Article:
Forty-year-old Jimmy is growing up, or at least he's getting older. While mooching the upper bunk of his ten-year-old nephew's bed, he enjoys the never-ending generosity of his sister Aiko,... See full summary »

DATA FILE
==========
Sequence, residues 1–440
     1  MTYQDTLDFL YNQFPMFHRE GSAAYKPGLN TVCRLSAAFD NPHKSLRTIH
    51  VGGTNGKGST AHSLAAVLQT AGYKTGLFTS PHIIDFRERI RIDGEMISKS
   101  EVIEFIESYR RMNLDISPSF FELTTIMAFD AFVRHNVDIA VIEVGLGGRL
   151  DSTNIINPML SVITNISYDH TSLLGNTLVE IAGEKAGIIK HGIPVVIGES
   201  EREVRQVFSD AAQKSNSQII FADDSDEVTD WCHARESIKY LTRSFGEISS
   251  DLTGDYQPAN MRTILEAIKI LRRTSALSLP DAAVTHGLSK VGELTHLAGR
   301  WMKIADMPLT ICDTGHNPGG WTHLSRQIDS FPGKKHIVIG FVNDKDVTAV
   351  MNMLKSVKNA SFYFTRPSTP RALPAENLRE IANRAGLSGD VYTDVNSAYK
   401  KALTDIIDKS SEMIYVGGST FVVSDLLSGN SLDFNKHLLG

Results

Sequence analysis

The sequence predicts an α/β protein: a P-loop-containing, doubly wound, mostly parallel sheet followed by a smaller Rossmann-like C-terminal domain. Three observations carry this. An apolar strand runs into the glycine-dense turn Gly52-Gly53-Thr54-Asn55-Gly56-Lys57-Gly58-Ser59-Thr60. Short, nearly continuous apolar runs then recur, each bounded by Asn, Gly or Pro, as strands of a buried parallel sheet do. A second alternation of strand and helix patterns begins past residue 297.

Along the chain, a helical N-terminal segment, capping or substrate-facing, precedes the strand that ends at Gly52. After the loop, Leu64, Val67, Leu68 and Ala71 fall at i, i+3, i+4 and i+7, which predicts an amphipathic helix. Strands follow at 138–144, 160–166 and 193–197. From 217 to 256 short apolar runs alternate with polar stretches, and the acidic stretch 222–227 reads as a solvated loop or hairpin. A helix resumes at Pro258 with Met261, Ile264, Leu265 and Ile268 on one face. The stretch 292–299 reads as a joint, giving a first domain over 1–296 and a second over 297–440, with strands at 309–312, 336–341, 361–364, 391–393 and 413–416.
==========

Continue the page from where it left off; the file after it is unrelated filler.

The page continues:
Randy Redroad's 'debut' is astounding. The story is subtle but incredibly strong and emotionally-charged. It's about the struggles of self-identity, father-son relationships, reconciliation, and healing. There is no melodrama or cliché in this film-- it's entirely refreshing. The dialogue is terrific-- often hilarious, never trite. James Duval totally possesses his character and draws you into Hunter's story-- his performance is really beautiful. Anyone at all who's mixed-blood in some way can strongly relate to this story, but I think its detailed uniqueness actually reaches that point of being universally accessible. I don't think anyone can see this film without relating with Hunter or caring immensely what happens. This is one of those 'must-see/must-have' films for anyone who values good stories.
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